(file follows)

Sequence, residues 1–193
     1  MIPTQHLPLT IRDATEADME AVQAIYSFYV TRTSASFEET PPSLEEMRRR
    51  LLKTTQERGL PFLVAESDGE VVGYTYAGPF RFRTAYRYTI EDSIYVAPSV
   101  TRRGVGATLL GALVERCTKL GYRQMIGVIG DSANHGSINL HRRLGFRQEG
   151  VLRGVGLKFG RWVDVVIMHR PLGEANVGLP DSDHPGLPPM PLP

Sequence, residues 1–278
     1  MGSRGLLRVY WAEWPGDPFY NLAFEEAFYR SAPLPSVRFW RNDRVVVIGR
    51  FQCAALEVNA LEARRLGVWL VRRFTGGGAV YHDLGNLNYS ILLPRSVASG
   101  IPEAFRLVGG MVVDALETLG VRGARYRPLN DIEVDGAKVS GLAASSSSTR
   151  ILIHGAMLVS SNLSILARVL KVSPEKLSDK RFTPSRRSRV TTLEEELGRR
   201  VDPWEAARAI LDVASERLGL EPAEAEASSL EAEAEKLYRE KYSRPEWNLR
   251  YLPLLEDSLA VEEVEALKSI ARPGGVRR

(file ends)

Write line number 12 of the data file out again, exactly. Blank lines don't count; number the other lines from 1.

   251  YLPLLEDSLA VEEVEALKSI ARPGGVRR